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Controlling the elongational flow behavior of complex shear-thinning fluids without affecting shear viscosity

  • Walter OswaldEmail author
  • Norbert Willenbacher
Original Contribution
  • 67 Downloads

Abstract

Complex flow fields including high elongational deformation occur in numerous industrial processes such as spraying, coating, fiber spinning, and screen or inkjet printing. Fully exploiting the potential of these technologies suffers from a lack of knowledge regarding how elongational flow properties of the processed fluids affect the results of these operations. Here, we present two strategies that allow for varying the elongational flow behavior independent of shear rheology. First, two acrylic thickener solutions that differ with respect to the fraction of hydrophobic co-monomers and hence with respect to their degree of inter- and intramolecular hydrophobic association were mixed to vary the elongational relaxation time, as determined using capillary breakup elongational rheometry (CaBER), by almost two orders of magnitude without affecting shear viscosity of these solutions in a wide, processing-relevant shear rate range. Second, a substantial increase in the elongational flow resistance was achieved by adding a small amount of plate-like particles without affecting the shear viscosity of these thickener solutions. A fourfold increase of the elongational relaxation time was observed upon the addition of 3.5 vol.% of glass flakes to such a highly shear-thinning system. A similar effect was also observed for an industrial waterborne automotive basecoat due to added aluminum flakes. This work may be useful for product development since the control of extensional viscosity can improve technological applications, and the introduced model systems may therefore be used for systematic, goal-oriented investigations of the relevance of elongational flow properties in the technological processes mentioned above.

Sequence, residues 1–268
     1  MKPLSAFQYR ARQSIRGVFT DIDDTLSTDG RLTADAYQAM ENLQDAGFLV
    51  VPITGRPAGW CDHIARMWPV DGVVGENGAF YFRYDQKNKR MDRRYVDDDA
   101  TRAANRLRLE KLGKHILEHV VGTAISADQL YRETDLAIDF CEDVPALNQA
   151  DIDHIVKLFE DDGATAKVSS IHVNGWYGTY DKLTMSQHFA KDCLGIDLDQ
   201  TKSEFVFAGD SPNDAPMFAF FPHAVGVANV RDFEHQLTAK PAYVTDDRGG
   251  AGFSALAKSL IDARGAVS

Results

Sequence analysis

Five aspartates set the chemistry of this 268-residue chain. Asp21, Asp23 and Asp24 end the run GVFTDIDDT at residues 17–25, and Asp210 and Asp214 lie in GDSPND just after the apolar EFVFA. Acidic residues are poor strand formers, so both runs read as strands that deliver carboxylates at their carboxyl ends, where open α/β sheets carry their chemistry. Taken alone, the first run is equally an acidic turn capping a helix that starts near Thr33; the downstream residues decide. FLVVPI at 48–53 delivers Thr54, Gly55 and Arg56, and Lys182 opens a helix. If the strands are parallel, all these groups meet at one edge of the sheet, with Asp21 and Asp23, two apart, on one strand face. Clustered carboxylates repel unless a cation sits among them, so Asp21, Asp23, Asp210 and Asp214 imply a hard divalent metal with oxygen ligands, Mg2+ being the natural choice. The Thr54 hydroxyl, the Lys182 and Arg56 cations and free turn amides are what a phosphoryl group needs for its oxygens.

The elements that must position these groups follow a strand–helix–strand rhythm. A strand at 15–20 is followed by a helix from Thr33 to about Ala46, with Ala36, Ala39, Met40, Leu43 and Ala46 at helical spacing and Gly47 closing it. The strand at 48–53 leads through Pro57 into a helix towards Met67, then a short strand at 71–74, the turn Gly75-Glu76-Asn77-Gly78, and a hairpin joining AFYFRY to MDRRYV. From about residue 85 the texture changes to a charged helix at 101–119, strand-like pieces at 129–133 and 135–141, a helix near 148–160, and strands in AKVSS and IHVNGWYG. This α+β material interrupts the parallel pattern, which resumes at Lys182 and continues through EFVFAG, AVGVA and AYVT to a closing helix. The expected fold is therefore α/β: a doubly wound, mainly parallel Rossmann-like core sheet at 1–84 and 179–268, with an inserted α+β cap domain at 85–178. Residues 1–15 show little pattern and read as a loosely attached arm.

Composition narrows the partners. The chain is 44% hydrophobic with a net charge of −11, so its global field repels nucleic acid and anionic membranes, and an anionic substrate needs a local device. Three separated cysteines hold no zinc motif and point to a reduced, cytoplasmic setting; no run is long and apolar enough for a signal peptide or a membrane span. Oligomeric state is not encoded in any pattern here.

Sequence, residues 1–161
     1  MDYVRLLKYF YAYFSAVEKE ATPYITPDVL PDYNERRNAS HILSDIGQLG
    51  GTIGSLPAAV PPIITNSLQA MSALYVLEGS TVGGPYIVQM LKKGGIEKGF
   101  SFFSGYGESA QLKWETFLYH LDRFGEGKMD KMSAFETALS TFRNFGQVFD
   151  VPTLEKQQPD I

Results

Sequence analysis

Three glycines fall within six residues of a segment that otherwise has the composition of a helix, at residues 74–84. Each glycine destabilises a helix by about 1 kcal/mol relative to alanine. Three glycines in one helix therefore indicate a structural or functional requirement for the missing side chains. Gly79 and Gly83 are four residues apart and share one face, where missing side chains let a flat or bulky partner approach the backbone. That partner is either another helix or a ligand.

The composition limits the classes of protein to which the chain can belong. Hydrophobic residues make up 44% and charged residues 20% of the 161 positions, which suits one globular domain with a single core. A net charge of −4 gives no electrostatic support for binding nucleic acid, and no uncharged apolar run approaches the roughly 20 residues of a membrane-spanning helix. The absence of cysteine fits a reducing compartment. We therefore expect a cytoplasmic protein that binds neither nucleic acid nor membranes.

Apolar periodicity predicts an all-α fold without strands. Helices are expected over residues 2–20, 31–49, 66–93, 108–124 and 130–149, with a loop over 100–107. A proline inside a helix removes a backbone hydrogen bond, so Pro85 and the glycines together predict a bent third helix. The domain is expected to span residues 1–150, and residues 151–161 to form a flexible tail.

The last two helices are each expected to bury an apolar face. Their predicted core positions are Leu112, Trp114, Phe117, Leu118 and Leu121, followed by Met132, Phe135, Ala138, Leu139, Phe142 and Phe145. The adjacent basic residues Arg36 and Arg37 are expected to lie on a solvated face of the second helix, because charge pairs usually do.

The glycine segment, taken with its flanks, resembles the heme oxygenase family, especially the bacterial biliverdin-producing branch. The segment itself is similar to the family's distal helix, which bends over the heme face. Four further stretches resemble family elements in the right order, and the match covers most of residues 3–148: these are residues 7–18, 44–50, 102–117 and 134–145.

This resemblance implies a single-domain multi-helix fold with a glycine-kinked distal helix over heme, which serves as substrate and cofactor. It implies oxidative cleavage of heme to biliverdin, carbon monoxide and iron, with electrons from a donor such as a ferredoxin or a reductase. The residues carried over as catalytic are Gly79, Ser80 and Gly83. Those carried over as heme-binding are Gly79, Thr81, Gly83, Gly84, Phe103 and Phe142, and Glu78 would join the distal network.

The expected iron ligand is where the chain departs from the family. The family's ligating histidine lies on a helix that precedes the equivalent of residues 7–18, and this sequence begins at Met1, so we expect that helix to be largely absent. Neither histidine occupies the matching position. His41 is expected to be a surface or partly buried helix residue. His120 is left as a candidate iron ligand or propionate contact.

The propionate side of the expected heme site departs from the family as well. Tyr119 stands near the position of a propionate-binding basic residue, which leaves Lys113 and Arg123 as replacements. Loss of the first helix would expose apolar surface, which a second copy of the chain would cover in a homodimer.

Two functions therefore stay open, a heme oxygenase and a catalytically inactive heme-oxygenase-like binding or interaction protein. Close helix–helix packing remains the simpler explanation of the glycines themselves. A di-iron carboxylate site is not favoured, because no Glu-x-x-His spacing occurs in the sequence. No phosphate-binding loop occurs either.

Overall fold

Keywords

Elongational flow CaBER Acrylic thickener Hydrophobic associations Plate-like particles Glass flakes 

Notes

Acknowledgments

The authors would like to thank Georg Wigger and Daniel Briesenick, both from the BASF Coatings GmbH for enabling this investigation and BASF SE and Eckart GmbH for providing the materials. Additionally, we would like to thank Steffen Recktenwald for his help in performing the PIV measurements.

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Copyright information

© Springer-Verlag GmbH Germany, part of Springer Nature 2019

Authors and Affiliations

  1. 1.Karlsruhe Institute of TechnologyInstitute for Mechanical Process Engineering and MechanicsKarlsruheGermany

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